Bio On Hitchcock Essay, Research Paper
Alfred Joseph Hitchcock was born in the East London area of Leytonstone. He was the youngest son of William and Emma Whelan Hitchcock. His strict Irish Catholic upbringing and education at the Jesuits St. Iganatius College is apparent in many of his films. At the young age of 16, he left to study engineering and navigation at the University of London. Three years later he was hired as an estimator at Henley Telegraph Company. Hitchcock began to study art in the evenings and eventually transferred to the advertising department at the company.
Hitchcock was always drawn to the silver screen. He read every technical film magazine he could get his hands on. Upon learning that Famous Players Lasky (Paramount) was opening a studio in London, Hitchcock submitted a portfolio of his work. He was hired as a title designer for the silent films. His passion for films and eagerness to learn led him to apply for the job of Assistant Director which gave him the experience of film making from every angle. His directorial debut was in 1922 on the film Number 13. The two-reeler, was never completed. Hitchcock met his future wife Alma Reville, who also worked for the company, during the making of the film. They were married in December 1926 at Brompton Oratory. Alma s keen sense to detail made a creative partnership made in heaven. She oversaw initial script development through final post-production. It was Alma who noticed Janet Leigh s dead body twitch in Psycho, which was immediately corrected. In 1928 their daughter Patricia was born. She later appeared in three of her father s films, Stage Fright (1950), Strangers on a Train (1951) and Psycho (1960).
The first film to bear the mark Directed by Alfred Hitchcock was The Pleasure Garden (1925). The young Hitchcock s uncanning wit and cinematic flare comes forth in this film. In 1926 his second film, The Mountain Eagle (released as Fear O God) was released. Hitchcock called this film very bad and in fact no existence of this film is to be found. His third film, The Lodger, is what many consider to be the first authentic Hitchcock film. It also marked his first cameo appearance, which later became a trademark of his films. The theme of the film is simple, a man wrongly accused of a crime. It is the moral ambiguity that frames the film, marking it with true Hitchcock style. Hitchcock went on to direct 6 more feature length silent films: Downhill (1927), Easy Virtue (1927), The Ring (1927), The Farmer s Wife (1928), Champagne (1928), and The Manxman (1929). With each and every film his natural talent grew more and more.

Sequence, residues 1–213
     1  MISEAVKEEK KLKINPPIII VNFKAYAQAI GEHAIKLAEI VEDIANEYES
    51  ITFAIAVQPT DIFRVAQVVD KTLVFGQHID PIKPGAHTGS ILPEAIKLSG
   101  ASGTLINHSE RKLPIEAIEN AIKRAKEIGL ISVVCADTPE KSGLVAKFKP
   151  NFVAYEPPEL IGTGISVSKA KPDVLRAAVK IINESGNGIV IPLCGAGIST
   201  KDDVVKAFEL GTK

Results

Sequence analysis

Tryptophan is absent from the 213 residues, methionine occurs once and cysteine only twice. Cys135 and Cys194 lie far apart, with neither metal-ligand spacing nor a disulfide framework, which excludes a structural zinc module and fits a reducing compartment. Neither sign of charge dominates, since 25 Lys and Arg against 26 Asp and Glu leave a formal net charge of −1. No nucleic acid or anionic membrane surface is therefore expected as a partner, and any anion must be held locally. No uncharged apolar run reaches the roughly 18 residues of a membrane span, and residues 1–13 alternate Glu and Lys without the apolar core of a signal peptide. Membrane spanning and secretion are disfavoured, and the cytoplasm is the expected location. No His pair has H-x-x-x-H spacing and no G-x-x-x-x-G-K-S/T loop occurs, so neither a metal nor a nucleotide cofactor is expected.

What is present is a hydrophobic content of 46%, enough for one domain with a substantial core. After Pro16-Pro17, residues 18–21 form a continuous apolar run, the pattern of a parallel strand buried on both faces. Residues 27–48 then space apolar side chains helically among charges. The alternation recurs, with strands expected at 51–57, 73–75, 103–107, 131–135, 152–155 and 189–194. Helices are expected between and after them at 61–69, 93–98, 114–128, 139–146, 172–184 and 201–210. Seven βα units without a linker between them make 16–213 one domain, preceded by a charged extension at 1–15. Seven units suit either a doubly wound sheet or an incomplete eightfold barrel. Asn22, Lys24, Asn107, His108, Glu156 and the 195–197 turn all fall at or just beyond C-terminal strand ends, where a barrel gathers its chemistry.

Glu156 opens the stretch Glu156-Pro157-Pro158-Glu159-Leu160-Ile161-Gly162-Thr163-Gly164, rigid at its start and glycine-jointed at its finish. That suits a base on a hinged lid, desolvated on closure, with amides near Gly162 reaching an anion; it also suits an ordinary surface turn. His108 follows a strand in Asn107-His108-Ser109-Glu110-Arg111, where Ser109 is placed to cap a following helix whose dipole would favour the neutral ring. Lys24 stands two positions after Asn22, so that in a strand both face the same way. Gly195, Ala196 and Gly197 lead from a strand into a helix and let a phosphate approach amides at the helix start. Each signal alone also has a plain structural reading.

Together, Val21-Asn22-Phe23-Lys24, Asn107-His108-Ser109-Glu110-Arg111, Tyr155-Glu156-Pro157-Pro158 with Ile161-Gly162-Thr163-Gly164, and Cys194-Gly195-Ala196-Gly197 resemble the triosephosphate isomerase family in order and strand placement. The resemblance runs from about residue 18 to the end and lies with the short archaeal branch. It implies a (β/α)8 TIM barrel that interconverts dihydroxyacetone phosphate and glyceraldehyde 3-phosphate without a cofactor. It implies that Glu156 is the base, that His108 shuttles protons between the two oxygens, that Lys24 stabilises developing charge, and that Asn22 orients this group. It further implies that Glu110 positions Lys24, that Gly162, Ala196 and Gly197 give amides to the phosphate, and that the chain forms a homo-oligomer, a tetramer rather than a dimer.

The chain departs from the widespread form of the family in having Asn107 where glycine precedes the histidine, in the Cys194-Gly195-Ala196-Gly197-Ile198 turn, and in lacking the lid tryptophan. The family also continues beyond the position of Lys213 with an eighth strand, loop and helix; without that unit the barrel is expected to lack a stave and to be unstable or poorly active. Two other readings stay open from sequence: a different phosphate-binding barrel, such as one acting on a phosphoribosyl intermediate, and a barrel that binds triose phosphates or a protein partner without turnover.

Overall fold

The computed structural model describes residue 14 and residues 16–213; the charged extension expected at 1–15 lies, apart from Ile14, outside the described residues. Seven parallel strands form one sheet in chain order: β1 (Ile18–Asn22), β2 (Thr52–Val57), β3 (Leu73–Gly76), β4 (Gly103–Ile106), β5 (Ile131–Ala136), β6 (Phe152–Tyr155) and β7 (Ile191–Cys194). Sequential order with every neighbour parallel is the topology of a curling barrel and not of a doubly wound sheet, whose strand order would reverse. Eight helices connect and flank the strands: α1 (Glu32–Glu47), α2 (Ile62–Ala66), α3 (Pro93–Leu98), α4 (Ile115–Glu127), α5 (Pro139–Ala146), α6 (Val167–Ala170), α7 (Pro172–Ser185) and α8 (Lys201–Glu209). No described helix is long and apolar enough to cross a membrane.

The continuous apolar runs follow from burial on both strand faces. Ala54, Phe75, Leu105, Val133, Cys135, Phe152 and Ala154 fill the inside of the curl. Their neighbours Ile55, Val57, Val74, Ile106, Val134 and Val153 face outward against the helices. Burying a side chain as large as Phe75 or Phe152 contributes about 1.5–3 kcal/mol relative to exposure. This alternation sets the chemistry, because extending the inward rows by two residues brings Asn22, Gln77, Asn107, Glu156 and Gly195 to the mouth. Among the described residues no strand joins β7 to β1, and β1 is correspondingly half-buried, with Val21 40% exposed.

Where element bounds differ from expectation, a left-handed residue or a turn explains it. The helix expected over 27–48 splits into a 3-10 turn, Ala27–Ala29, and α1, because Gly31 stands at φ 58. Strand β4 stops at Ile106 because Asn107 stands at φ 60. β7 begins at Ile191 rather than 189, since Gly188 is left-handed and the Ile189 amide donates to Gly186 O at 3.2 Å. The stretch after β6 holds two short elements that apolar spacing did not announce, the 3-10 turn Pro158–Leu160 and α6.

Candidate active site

It was at this time that the film industry introduced sound to the cinema. The first film was the American film The Jazz Singer (1929). Later that same year, Hitchcock s Blackmail made history marking it as the first British talkie. The film had originally begun as a silent film. When Hitch learned of the availability of sound, he immediately re- shot certain portions.
Hitchcock released two films in 1930, Juno and the Paycock and Murder. Both were received well by audiences. Murder is by far one of the more interesting Hitchcock who-dun-its. The plot, as in previous Hitchcock films, involves a woman wrongly accused of murdering her friend. The guilty person turns out to be a transvestite circus performer. The film was quite daring for its time, as were many Hitchcock films to follow.
Immediately following Murder was The Skin Game (1931) which Hitchcock did not make by choice and showed very little affection for. His next work was an original script by his wife Alma, Rich and Strange (1932). The film involves a married couple a bit bored with their everyday routine. To their surprise they are left an inheritance in which they use to travel around the world. After many entanglements and deceptive affairs they return to their same home life.
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